Though authors underline the socially restricted profile of officers staffing influencing the decision, they never considered the legalistic public formal language of the middle class may have completely confused the uneducated ORs more attuned to their own private code of the back streets and the trenches. They do state that "institutional" considerations: the object of military law, never misguided the confirmatory process, so that the inappropriate soldierly conduct was solely considered at the expense of the very act of killing another man. Most of all, even when there was doubt, or when senior officers noted inconsistencies, as in the case of Pte Dale, and Pte Reid (16 Highland Light Infantry) in January 1917, FM Sir Douglas Haig seemed to reaffirm in strongest terms the sentence of death. It represents the traditional Clark image of the wild, immovable "donkey"The Donkeys showing no compassion or clemency for his men rather than a revisionist post-war fatherly founder of the Haig Homes for ex-servicemen. The authors underline that what Haig and his ilk were doing was personally culling the proverbial black sheep from the flocks in the trenches, and so were no less worthy to be treated leniently as comrades than the men whose deaths they ordained. They also believed they were right as stated in the Bible, and were doing good for all. The question is are they accusing Haig and co for their actions, or simply justifying them? They can't be empty-headed donkeys and geniuses even in the Army.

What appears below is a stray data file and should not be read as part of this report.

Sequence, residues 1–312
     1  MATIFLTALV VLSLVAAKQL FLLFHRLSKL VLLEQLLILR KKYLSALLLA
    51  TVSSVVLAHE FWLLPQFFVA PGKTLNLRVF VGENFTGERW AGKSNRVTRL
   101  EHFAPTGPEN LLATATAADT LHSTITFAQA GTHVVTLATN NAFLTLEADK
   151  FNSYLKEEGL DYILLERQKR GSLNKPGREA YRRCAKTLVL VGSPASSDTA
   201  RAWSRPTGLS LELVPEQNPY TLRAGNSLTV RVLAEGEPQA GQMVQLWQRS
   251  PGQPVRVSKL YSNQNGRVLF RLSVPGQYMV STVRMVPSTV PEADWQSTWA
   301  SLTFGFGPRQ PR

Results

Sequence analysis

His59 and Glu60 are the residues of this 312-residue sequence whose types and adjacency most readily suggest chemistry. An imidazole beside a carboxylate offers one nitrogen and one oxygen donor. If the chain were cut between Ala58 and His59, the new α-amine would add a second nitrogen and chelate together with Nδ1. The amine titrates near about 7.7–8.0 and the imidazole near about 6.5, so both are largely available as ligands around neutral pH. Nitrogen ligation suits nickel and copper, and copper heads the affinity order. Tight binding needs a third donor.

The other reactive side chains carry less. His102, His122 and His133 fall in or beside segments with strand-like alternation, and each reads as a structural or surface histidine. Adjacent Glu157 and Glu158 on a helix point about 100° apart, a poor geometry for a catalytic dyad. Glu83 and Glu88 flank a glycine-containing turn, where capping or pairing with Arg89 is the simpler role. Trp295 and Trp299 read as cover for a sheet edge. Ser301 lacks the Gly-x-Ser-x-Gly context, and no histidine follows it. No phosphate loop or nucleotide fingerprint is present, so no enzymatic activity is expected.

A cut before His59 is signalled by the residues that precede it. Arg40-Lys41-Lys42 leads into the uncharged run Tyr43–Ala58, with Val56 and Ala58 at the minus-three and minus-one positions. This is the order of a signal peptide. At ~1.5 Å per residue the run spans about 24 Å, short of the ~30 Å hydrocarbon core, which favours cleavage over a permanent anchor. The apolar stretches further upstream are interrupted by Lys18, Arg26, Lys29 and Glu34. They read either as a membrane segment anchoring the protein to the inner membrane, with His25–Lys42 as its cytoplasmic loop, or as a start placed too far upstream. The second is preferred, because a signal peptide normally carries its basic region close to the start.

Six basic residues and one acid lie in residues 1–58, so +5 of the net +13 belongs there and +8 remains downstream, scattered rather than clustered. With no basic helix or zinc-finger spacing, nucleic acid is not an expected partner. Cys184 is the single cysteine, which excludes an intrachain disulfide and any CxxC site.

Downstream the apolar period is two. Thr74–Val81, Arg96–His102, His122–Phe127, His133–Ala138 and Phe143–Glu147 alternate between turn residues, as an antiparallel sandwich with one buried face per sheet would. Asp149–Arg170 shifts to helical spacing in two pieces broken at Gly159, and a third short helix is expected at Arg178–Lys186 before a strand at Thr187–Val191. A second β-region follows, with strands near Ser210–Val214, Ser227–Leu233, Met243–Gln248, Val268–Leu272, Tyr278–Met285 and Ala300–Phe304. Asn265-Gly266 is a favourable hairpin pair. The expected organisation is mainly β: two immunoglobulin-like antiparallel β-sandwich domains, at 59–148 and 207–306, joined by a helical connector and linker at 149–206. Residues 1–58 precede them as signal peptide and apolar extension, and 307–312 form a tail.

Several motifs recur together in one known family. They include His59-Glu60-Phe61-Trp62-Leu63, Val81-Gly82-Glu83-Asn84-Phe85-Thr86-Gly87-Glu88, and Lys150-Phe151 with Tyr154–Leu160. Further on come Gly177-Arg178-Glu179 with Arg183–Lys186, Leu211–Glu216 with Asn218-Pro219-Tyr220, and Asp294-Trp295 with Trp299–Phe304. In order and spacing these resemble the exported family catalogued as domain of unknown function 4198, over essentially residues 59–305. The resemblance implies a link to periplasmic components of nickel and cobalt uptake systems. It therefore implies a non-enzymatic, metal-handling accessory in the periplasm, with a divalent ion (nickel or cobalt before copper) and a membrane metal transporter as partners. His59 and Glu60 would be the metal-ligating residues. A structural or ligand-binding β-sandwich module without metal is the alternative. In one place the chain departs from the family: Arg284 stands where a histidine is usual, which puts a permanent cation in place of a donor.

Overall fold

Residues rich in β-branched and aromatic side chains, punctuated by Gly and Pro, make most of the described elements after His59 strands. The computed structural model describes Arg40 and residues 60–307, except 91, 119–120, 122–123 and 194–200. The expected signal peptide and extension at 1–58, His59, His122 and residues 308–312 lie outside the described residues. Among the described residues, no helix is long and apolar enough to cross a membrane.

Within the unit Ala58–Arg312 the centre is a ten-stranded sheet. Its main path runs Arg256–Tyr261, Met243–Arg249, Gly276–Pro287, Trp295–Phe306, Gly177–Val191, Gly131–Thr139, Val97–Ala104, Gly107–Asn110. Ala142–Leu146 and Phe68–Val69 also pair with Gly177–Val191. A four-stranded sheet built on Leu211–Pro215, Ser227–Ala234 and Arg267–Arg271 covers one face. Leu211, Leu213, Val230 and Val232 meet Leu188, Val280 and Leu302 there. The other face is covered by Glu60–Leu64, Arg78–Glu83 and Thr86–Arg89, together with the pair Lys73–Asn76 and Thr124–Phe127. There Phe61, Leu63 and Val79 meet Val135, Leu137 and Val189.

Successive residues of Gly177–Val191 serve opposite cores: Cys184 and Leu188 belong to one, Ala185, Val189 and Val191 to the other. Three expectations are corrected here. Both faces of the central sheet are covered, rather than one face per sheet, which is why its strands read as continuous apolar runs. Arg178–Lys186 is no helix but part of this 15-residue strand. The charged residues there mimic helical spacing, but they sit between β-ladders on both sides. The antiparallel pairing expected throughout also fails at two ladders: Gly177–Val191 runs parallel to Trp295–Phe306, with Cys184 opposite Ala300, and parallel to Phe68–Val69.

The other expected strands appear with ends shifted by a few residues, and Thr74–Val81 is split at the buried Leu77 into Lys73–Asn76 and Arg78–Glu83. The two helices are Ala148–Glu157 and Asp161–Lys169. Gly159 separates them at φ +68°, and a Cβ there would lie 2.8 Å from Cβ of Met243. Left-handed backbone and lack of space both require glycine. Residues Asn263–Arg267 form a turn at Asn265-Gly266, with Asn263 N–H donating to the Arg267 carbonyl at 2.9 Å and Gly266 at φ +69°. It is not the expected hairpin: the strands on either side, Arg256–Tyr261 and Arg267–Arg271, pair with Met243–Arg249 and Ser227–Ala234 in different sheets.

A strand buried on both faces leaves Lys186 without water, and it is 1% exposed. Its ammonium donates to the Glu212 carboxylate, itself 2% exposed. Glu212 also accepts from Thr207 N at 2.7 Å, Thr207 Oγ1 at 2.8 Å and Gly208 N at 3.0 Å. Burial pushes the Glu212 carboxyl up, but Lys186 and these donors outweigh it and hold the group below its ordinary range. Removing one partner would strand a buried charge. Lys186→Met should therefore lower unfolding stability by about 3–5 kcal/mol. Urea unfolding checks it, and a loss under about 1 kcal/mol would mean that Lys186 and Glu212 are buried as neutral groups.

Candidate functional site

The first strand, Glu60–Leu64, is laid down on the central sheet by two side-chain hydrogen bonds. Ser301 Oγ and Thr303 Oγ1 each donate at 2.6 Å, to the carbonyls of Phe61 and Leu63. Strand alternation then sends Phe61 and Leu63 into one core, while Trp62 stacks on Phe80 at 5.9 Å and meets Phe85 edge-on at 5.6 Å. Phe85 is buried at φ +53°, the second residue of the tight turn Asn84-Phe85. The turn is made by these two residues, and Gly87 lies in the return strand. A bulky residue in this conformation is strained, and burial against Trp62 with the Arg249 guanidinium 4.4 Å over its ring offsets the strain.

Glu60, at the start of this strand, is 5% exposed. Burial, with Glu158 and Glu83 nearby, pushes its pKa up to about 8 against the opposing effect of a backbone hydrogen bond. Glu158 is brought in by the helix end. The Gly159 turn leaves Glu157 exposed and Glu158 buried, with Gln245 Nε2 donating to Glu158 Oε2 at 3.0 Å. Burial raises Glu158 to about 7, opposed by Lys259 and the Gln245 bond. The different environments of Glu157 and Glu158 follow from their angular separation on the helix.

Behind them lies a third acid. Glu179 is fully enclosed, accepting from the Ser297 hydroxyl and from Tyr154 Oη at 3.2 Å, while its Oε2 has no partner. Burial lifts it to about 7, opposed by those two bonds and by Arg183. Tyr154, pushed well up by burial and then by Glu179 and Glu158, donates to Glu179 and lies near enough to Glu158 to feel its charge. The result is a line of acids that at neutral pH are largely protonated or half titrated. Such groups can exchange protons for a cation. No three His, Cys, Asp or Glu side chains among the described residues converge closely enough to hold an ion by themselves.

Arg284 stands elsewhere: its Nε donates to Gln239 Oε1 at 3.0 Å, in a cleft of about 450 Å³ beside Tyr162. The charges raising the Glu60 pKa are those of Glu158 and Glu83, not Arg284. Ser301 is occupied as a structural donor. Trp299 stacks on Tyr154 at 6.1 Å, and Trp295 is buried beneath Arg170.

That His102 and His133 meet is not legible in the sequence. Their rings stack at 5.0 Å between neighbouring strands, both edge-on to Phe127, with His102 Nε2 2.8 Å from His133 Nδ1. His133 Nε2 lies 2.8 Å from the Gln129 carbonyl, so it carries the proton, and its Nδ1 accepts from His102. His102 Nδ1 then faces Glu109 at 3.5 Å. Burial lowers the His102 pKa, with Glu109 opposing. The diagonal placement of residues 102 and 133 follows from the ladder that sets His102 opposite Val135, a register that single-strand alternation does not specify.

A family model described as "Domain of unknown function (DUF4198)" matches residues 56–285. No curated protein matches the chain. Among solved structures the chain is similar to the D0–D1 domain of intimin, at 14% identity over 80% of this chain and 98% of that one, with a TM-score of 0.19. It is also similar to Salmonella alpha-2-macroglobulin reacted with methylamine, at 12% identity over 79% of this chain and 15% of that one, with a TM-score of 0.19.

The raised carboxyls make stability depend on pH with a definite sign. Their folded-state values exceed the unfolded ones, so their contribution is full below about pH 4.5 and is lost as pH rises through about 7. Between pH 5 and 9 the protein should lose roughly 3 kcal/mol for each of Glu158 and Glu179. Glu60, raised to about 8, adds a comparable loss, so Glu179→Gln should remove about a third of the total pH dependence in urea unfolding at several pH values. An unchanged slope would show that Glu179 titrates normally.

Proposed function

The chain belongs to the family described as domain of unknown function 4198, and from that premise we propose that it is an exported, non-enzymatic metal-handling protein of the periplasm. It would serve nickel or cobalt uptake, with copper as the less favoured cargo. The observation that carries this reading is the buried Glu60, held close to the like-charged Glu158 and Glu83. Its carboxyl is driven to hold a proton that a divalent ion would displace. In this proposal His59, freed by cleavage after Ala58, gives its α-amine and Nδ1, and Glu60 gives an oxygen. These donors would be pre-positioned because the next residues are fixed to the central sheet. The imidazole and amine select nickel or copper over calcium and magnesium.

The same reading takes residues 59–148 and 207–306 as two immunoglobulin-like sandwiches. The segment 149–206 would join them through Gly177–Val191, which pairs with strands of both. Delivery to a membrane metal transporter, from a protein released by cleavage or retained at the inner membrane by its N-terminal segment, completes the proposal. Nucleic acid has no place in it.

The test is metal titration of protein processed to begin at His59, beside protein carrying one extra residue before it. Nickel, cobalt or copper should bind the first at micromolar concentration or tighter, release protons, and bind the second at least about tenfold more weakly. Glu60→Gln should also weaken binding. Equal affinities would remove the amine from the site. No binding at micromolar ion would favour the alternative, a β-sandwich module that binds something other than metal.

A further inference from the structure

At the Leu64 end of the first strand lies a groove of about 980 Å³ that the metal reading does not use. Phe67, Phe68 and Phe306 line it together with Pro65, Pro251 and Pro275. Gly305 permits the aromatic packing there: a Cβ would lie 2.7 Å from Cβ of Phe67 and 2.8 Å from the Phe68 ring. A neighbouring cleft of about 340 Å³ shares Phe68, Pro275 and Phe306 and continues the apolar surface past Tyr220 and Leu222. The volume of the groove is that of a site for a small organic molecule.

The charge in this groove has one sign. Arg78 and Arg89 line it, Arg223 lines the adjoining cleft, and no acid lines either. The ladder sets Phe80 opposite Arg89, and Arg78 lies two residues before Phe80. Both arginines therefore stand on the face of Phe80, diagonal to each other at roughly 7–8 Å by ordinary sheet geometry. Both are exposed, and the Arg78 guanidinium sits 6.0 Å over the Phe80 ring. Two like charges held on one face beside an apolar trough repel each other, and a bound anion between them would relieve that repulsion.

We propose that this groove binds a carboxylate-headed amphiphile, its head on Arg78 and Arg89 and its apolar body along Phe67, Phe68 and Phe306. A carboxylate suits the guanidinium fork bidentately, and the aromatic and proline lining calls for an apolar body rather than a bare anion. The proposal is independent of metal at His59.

The two most interesting cases were the longest one at Le Havre in December 1917 on L/Sgt Wickens (9 Rifle Bde), and the one involving Lt Paterson. The first, because it concerned a civilian, Henriette Tremerel, a 52 widow, an unlicensed prostitute; the second because it concerned an officer. In the case of the former, it is of interest because the French police showed total discrimination, overlooking the death of a French woman fallen in bad ways, someone useless, at the expense of an active British fighting man; whereas the British Courts Martial were not prepared to give further time to discover if there was a case of mistaken identity and the act had been carried out by another Tommy. For them their man had to go. In contrast, in the latter case, the officer was not sentenced for murder, but for desertion in the face of the enemy, something which the military had complete full understanding. As he had enlisted in the ranks and later commissioned, his action, furthermore, was not becoming of an officer and a gentleman; and as in TV version of The Monocled Mutineer the young officer came first to be demoted and then executed. Putkowski & Dunning state that as Paterson was also in debt, and had considered suicide, he would have saved the Army time and further trouble by simply shooting himself. The only real problem then was for the Army having to explain the unexplainable to a young grieving wife at home.